FOOTER DAVIS PROBABLY IS CRAZY (A 2015 CYBILS Finalist)

cybilsbooks

Four female – one male protagonist. The settings: London, San Francisco, Vietnam, Mississippi, and Louisiana. Together they make up the five finalists for this year’s Middle Grade Fiction Cybils Awards. Each day this week I’ll have a review of each title:

  • Monday: THE BLACKTHORN KEY
  • Tuesday: BOOK SCAVENGER
  • Wednesday: FOOTER DAVIS PROBABLY IS CRAZY (Today’s featured Finalist)
  • Thursday: BLACKBIRD FLY
  • Friday: LISTEN, SLOWLY

The best news is you can win a giveaway of all five hardback books by making a comment on any or all of those days (up to five entries). I’ll draw the name this Sunday (Feb. 21) at 6 pm EST. Good luck!

======================================

I expected a whimsical adventure with quite a few laughs along the way. I mean, look at the cover. This was going to be one fun ride…

Whoops, not so fast… Footer Davis is the young female narrator of the story set in modern day 51DgV1VzFJL._SX329_BO1,204,203,200_Mississippi. She begins the tale nine days after a terrible tragedy at a neighboring farm. Mr. Abrams was shot dead and his two grandchildren are missing, presumed dead in a fire that leveled the place.

There’s a wide range of troubled characters who are possible suspects. From Footer’s mom who is bi-polar and in and out of hospitals, to Captain Armstrong, another neighbor who carries around symptoms of PTSD from his days in the army. Footer has a best friend, Peavine, who has cerebral palsy, but never lets it get the best of him. Together they begin interviewing suspects and hope to find answers since the police so far haven’t found anything.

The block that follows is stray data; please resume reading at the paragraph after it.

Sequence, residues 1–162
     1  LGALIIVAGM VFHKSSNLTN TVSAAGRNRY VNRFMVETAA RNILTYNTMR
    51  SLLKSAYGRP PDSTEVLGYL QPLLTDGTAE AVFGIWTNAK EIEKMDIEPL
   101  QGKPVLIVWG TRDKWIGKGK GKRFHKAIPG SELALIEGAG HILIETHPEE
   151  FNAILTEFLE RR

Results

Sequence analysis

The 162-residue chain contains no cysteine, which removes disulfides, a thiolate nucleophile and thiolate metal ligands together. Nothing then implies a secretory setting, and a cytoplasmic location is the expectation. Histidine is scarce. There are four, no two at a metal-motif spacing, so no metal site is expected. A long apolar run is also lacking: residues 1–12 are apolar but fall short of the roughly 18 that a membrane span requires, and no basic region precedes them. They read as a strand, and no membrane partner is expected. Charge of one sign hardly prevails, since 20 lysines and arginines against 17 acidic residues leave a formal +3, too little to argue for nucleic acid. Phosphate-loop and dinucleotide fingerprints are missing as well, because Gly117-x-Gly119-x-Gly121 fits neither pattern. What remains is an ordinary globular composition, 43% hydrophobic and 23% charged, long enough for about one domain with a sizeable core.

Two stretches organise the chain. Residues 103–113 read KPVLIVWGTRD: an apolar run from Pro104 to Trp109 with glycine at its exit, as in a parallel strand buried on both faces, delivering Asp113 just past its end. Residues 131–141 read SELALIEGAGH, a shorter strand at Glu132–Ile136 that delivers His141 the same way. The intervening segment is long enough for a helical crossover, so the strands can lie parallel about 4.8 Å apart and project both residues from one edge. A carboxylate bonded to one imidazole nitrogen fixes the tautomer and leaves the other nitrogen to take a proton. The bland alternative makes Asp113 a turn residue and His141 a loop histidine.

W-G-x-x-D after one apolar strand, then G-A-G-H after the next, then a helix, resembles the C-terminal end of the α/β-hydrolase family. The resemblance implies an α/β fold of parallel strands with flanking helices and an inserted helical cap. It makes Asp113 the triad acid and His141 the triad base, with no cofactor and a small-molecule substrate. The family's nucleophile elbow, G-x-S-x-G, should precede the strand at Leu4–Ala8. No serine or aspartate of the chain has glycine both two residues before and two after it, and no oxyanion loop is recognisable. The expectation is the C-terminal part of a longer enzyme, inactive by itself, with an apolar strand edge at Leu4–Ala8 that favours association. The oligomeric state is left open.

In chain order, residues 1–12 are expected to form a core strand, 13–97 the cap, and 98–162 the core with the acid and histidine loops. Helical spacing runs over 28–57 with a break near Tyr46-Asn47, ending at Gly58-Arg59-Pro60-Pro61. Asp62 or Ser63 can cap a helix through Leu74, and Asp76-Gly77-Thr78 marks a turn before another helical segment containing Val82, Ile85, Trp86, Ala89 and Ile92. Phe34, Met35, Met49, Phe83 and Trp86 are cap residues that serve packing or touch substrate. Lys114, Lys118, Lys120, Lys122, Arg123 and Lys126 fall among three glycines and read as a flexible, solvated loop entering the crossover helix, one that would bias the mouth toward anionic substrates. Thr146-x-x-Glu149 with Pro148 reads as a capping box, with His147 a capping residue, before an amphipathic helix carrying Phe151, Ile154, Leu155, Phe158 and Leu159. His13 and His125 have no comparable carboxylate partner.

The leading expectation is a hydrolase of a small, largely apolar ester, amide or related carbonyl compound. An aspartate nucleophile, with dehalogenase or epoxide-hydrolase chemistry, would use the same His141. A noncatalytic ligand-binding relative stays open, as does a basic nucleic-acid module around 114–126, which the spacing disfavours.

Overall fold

Footer’s dad is sort of there for her, but with work and a wife recovering, Footer is left trying to internalize her own thoughts. The worst is that she thinks she has a brain tumor and is possibly falling into the same mental illness as her mother. Although there is a lot going on here, the main story of solving the murder carries the story. I had the twist toward the end figured out thanks to the clues dropped along the way, but it was a nice conclusion to an often difficult story to read.

PUBLICATION DATE: 2015   WORD COUNT: 46,527   READING LEVEL: 4.9

FULL PLOT (From AMAZON) Footer Davis is on the case when two kids go missing after a fire in this humorously honest novel that is full of Southern style.

“Bless your heart” is a saying in the South that sounds nice but really isn’t. It means, “You’re beyond help.” That’s what folks say about fifth grader Footer Davis’s mom, who “ain’t right” because of her bipolar disorder. She just shot a snake in Footer’s yard with an elephant gun, and now she’s been shipped off to a mental hospital, and Footer is missing her fiercely yet again.

“Bless their hearts” is also what folks say about Cissy and Doc Abrams, two kids who went missing after a house fire. Footer wants to be a journalist and her friend Peavine wants to be a detective, so the two decide to help with the mystery of the missing kids. But when visiting the crime scene makes Footer begin to have “episodes” of her own, she wonders if maybe she’s getting sick like her mom, and that’s a mystery that she’s not at all sure she wants to solve.